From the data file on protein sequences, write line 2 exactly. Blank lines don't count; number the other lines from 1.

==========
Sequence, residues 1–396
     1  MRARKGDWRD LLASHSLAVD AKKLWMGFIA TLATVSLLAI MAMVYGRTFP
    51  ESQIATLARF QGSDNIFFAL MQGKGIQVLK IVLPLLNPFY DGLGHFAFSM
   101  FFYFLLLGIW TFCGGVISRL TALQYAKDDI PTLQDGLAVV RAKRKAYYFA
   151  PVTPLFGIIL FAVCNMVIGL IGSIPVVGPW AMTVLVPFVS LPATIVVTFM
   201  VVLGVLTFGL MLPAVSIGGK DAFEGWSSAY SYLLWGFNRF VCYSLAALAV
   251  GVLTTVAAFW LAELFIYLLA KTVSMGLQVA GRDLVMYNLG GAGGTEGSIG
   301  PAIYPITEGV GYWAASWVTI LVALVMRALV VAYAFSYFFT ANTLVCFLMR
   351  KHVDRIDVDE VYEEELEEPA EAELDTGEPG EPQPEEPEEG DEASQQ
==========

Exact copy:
     1  MRARKGDWRD LLASHSLAVD AKKLWMGFIA TLATVSLLAI MAMVYGRTFP